Well, here goes with the new system!
JC Penney never put through a credit they were supposed to, when they ran short of an item I ordered at Christmas, even though it showed as in stock. Called about it this morning; will have to watch for it for 1-2 more billing cycles.
Gas company sent two bills, the second one saying I owed twice the amount as usual. It was because I called in the meter reading, and then the meter reader put in the reading also. Another phone call this morning, to get the 2nd bill cancelled out.
DH's paycheck was even lower than the last one, so I had to gather and copy all the pertinent paperwork at 7:15 this morning, so he could show his immediate supervisor what his new health deduction was supposed to be. It turned out last paycheck was short because he took a day off at the end of the year, when he was actually out of vacation time. But this time it was the insurance that was the problem. They took out the old amount PLUS the new amount, and will have to refund $123 in his next check. Thank goodness we have enough cash on hand to carry us through til then.
Yesterday got a call from the stockbroker who handles my account with some income-generating investments. A bond was called in, and he wanted the ok to reinvest the money in something else. I felt like I had to research it a little to make sure the new company was ok. I'd rather take a little less interest than get a higher rate on a junk bond.
Wednesday, my weekly paperwork day, I wasn't really in the mood for it and tried to make a game out of it by counting how many piece of paper I handled. I lost track at 100. It took several hours, and there are still more things I ought to do.
I feel very lucky to be working part-time, and have the time to take care of this stuff!
Viewing the 'Organizing' Category
Well, here goes with the new system!
Somehow I got into the habit of clearing out our files right at the end of the year. It started when I used to be off early on New Year's Eve, and DH was still at work. I wanted something to keep me occupied til he got home.
Except, it looks like I didn't do it last year--and what a lot of junk in there! At least I found a recipe I'd been looking for (in the file for my civil service pension.)
It's kind of interesting to see how things in my life have changed in the past year or two, and it's also helpful for planning financial tasks for next year. I hadn't thought about it for awhile, but I really do need to get some stuff into our safe deposit box, and I keep forgetting to request new credit reports for both of us. Lots of stuff going on my to-do list.
I tossed several year's worth of natural gas bills, but put the info I wanted all onto one piece of ledger paper. Now I can see that it's normal to build up to owing them $500 in February; I'm on budget billing and it all evens out by summer. But if next February it shows we owe $800, I'll know to expect a $300 hit when we're "rebalanced" in September.
This project also points up how the internet keeps changing how I do things. Normally I'd keep the current year's worth of statements from our regular (non-IRA) brokerage account until our 1099's come, in case the numbers don't look right. I learned that from my mother, and it does make sense. But now I have online access to the account, and could look things up online if necessary. So although it feels strange to toss them, I guess there's no reason to keep them anymore.
Will be doing lots of shredding this afternoon--if we were going to a party tonight, we could have taken it for confetti! (We will be home with a bottle of champagne and Dick Clark. )
Hope everyone had a nice holiday, or day off, or some nice overtime pay if you had to work.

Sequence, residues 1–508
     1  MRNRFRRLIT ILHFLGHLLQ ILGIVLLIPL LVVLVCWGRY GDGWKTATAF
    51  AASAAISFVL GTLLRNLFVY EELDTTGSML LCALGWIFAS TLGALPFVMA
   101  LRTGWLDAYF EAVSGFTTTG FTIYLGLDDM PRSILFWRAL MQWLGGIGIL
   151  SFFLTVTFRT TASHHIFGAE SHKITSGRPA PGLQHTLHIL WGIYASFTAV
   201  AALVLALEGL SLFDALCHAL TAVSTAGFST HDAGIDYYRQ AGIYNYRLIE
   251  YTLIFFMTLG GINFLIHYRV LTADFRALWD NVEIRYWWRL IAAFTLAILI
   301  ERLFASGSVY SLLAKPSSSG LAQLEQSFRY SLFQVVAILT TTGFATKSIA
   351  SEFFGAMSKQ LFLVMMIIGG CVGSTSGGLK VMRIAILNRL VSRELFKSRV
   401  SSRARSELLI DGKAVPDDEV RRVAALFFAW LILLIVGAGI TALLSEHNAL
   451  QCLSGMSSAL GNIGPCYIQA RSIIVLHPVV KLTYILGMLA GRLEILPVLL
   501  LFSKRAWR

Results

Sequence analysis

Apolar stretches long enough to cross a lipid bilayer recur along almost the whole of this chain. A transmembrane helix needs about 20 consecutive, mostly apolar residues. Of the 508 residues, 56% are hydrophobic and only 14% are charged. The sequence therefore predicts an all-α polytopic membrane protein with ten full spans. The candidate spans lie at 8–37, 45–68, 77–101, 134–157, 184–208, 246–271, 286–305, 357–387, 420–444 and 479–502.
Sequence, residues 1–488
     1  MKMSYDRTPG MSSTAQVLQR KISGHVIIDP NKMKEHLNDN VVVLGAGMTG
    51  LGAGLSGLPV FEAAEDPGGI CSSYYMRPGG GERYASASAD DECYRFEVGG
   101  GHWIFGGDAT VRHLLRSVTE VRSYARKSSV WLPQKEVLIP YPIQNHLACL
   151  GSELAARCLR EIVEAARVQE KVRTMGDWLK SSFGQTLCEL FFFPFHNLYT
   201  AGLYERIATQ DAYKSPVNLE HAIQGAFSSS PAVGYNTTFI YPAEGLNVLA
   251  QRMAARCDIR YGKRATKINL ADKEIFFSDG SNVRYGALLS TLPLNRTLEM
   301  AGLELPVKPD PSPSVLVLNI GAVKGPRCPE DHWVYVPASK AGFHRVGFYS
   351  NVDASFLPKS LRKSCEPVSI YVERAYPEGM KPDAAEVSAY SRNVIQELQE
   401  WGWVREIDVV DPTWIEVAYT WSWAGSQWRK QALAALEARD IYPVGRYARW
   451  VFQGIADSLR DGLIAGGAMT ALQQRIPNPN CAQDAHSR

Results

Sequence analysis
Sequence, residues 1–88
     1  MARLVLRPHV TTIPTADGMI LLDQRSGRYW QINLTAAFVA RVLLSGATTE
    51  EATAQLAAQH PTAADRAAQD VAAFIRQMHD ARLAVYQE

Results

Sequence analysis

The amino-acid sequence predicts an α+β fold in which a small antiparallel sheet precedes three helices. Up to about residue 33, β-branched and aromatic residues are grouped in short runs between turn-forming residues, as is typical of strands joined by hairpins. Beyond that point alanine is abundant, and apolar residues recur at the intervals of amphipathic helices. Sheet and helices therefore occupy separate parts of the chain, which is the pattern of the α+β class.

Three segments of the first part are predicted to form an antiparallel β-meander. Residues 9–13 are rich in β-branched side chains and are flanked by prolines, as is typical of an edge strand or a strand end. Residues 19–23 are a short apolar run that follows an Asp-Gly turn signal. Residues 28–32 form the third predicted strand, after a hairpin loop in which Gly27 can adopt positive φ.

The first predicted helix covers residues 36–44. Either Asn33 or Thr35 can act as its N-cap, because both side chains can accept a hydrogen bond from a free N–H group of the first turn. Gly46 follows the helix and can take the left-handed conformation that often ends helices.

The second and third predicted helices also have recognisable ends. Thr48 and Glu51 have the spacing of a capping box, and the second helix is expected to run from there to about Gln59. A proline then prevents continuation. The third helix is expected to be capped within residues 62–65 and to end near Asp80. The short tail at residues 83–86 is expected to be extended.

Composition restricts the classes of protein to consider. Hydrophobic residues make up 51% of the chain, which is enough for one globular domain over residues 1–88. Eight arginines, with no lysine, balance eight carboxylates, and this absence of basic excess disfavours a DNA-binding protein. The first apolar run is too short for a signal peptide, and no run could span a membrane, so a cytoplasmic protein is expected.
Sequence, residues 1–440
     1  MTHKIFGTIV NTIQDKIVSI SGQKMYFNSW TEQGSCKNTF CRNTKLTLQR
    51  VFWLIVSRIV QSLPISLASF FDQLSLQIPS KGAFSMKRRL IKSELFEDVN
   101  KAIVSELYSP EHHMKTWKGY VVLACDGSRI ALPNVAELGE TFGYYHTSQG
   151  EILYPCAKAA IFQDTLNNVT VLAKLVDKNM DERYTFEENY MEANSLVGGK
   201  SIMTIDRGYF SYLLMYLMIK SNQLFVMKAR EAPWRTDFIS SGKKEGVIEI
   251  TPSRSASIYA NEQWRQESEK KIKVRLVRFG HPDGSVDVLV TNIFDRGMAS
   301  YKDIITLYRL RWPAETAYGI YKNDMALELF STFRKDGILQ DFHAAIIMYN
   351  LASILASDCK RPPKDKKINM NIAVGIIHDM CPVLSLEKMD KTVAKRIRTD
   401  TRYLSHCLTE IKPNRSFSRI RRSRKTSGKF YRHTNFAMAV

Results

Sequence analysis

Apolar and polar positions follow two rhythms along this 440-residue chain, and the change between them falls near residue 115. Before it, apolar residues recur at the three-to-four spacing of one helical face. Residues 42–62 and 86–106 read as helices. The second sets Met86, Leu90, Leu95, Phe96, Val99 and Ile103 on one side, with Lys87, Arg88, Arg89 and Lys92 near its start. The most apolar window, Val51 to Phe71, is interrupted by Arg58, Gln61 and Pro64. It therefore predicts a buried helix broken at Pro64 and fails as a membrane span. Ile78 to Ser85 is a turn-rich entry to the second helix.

It was our usual quiet holiday--at least as quiet it can be, when DH gets to the point where he can't take visiting much longer and starts getting grumpy.
Since we don't do that much for the holidays, and I'm off work whether I want to be or not, it gives me some extra time to catch up on things, as well as just relax with a pile of movies and books. There are still plenty of things I could do, but I can't help feeling frustrated about not being able to get some businessy things done because, after all, it's the holiday season.
Two frustrating things I haven't been able to get done because of the holidays:
I tried to apply online for an HSBC credit card offer I'd gotten in the mail, 0% for 15 months, a much longer stretch than what I have now. It would let me consolidate and close out at least one other account, and give us some predictability for a good period of time. Something went wrong, though, and I'm afraid now they might think I was trying to put in two applications. I tried to call them today to find out, but that office is closed today.
I tried to top-up DH's Virgin Mobile phone, with a top-up card I'd bought at Best Buy. But the PIN number wouldn't take. The guy at Virgin Mobile said it showed as never being activated for use, so I have to take it back to Best Buy. If you think I'm venturing there the day after Xmas...
I did manage to get my car worked on last Friday, and am accomplishing things around the house. I'm even getting around to things like clearing out old emails. Will I be glad after we get through New Year's and life starts getting back to "normal." (Whatever that is!)
I guess that's why I haven't been posting--it's kind of embarrassing to have to post about doing so much discretionary spending, when everyone else seems to have their spending under good control.
There's something about this season that makes me spend on things I've been putting off. Something about facing the fact that if I need or want something, I'd better get it for myself because no one else is apt to get it for me. DH isn't much of a shopper, and DMom just can't do much shopping anymore. Also something about the year ending, a new one about to start, and what I'm just not willing to put up with or do without for another year. I think it also has to do with reading All Your Worth. Yes, I want to reduce our Must Haves, but a big reason you are supposed to do this is so you have more money left for Wants. It kind of makes me feel justified in spending a bit.